• Dissertation (DIS): The development of a formal treatise presenting the results of study submitted in partial fulfillment of the requirements of a terminal degree. The process requires intensive interaction between the student candidate, dissertation advisor, and supplemental committee members.
  • Independent Directed Studies (IDS): A class that substitutes for an existing course not offered in the semester in which the student wishes to enroll. The material covered in a directed-study course is the same as that covered in the existing course. Modifications may be necessary to deliver the content and assignments at an individual level, and not all courses can be modified. Courses that can be modified tend to be non-traditional courses (e.g. guided research courses, internships, practicums, and clinical duties).
  • Independent Individualized Studies (IND): A class in which a student pursues an individualized plan of study or investigation in a major or field of specialization on a more autonomous basis. The course provides the student with an opportunity to pursue/research a subject in a manner not possible in an existing course. An individualized study course’s content should supplement the curriculum and align with program-level student learning outcomes or domains. The instructor and student negotiate the details of the plan of study. Students meet with the instructor to establish requirements for receiving course credit, then work independently to complete the requirements, meeting periodically with the instructor for feedback and guidance.
  • Internship (INT): A form of experiential learning that integrates knowledge and theory learned in the classroom with practical application and skills development in a professional setting. Internships allow students to gain valuable applied experience and make connections in professional fields they are considering for career paths; employers get the opportunity to guide and evaluate talent. The internship plan typically involves a student working in a professional setting under the supervision and monitoring of practicing professionals with limited faculty supervision.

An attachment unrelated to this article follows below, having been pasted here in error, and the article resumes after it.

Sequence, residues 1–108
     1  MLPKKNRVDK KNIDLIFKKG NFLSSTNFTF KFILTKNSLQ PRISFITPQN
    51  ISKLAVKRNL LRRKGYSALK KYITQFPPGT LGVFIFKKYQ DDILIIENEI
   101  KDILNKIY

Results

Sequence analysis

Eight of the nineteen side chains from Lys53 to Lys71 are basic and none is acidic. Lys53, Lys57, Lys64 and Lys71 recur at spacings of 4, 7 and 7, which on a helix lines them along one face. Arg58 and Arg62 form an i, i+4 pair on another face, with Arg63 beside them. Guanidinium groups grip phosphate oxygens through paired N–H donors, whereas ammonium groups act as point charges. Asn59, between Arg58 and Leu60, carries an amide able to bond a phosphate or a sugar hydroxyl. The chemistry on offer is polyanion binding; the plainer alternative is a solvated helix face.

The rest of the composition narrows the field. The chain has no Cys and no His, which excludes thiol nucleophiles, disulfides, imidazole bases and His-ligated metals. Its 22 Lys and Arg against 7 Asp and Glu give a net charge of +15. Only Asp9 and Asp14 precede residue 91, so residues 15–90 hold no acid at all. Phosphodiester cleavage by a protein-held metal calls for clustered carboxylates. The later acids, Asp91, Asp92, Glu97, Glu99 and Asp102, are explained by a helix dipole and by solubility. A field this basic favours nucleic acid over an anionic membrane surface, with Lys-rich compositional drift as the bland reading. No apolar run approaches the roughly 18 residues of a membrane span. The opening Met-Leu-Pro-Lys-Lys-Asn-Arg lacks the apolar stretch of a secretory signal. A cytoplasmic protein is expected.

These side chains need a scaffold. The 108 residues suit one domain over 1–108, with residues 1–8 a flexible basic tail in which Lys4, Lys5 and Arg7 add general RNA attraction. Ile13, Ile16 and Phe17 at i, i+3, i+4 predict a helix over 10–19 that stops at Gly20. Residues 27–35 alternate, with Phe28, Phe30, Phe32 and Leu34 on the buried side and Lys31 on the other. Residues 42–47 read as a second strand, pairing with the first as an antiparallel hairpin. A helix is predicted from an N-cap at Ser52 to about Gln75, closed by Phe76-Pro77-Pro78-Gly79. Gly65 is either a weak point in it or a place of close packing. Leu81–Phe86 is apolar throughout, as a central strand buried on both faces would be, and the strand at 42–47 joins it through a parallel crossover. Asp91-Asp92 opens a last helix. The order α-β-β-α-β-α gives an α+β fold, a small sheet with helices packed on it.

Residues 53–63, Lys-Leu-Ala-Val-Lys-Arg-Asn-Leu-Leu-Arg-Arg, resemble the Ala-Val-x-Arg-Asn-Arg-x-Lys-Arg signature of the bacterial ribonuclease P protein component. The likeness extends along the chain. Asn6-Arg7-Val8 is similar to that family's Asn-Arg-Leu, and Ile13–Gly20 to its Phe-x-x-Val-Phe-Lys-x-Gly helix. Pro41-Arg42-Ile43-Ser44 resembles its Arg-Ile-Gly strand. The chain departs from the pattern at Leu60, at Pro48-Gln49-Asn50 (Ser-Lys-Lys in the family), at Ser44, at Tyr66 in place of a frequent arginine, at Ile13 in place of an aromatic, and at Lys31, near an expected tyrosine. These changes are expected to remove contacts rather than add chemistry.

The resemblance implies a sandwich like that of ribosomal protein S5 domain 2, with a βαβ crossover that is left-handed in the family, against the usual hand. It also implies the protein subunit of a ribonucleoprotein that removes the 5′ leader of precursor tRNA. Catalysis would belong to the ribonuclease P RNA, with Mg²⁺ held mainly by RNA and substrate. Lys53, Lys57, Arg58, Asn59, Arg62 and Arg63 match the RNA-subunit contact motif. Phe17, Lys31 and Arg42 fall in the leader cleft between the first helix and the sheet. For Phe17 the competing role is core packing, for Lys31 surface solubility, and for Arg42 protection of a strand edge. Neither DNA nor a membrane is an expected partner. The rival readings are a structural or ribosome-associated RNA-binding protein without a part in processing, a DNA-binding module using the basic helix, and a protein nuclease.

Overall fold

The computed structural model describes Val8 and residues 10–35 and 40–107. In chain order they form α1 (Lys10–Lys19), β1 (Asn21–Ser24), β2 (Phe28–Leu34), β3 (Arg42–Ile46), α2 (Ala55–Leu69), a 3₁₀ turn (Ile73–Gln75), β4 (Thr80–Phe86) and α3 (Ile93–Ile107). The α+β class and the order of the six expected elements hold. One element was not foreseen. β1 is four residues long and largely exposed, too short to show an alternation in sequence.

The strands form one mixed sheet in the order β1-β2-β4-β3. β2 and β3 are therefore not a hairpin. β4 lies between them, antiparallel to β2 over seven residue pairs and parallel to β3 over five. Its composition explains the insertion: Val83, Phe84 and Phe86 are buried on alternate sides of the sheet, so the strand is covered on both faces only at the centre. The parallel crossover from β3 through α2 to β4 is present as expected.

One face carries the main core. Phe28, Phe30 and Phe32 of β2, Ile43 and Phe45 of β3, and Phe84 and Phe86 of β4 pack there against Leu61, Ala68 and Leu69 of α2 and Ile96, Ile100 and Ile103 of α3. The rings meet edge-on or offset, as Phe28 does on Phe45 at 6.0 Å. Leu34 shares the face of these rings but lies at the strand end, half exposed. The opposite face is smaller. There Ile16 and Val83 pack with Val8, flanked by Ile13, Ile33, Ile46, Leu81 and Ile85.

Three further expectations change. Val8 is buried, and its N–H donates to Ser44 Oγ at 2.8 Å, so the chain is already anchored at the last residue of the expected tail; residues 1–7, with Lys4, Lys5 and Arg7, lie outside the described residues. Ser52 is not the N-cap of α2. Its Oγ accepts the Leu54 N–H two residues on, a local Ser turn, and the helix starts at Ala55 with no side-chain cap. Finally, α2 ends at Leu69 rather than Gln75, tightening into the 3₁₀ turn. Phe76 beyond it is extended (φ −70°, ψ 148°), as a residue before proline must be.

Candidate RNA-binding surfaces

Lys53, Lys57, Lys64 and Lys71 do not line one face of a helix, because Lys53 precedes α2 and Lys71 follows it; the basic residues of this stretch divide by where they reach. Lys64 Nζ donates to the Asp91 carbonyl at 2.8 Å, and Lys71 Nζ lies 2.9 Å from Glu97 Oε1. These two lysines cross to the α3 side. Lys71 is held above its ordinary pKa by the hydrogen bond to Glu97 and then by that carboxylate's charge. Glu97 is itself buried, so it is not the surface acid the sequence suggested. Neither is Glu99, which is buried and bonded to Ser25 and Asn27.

• Laboratory (LAB): The instructor supervises creative or investigational work by students (individually or as a group) in a controlled environment requiring specialized equipment and/or facilities. The primary emphasis is on learning by doing and observing. Labs give students firsthand experience in developing and practicing skills, translating theory into practice, and developing, testing, and applying principles. Labs are most often associated with lectures but also may be freestanding.
  • Lecture (LEC): Lecture courses may include a variety of pedagogies (discussion, class presentation) but are predominantly lecture-oriented. Faculty members are responsible for the delivery and discussion of learning material related to instructional activities.
  • Practicum (PRA): Practical student work under the supervision of a faculty member or a professional in the student’s field (with regular consultation with a faculty member). Courses are designed to give students supervised and practical application of previously studied theory in a setting outside the classroom.
  • Research (RSC): Courses focus on research related to a specific interest or academic discipline but do not entail an actual dissertation or thesis. The faculty member and student(s) mutually negotiate the nature of the study/research. Students receive course credit for engaging in intensive, focused research on a concentrated topic related to their academic studies under the guidance of an instructor, typically culminating in an intellectual product.
  • Seminar (SEM): Seminar courses provide a more interactive and typically smaller forum than a lecture. Content may include student presentations and discussions based on literature, theory, problems, or research. Enrollment is generally limited to allow for greater focus on students’ critical reflection and an exchange of ideas. The lecture is not the dominant pedagogical activity of the course. During class meetings, students and the instructor work together in focused exploration, typically involving some combination of reading, research, discussion, and production of an intellectual product related to their academic studies.
  • Thesis Research (THE): A formal treatise presenting the results of study submitted in partial fulfillment of the requirements of a non-terminal degree. The process requires intensive interaction between the student candidate, thesis advisor, and supplemental committee members.

If you have questions about these definitions, please contact the Registrar’s Office.

Cancellation of Courses

Gallaudet reserves the right to withdraw any courses not elected by a sufficient number of students.

Contact Us

Office of the Registrar

Chapel Hall 101

(202) 250-2446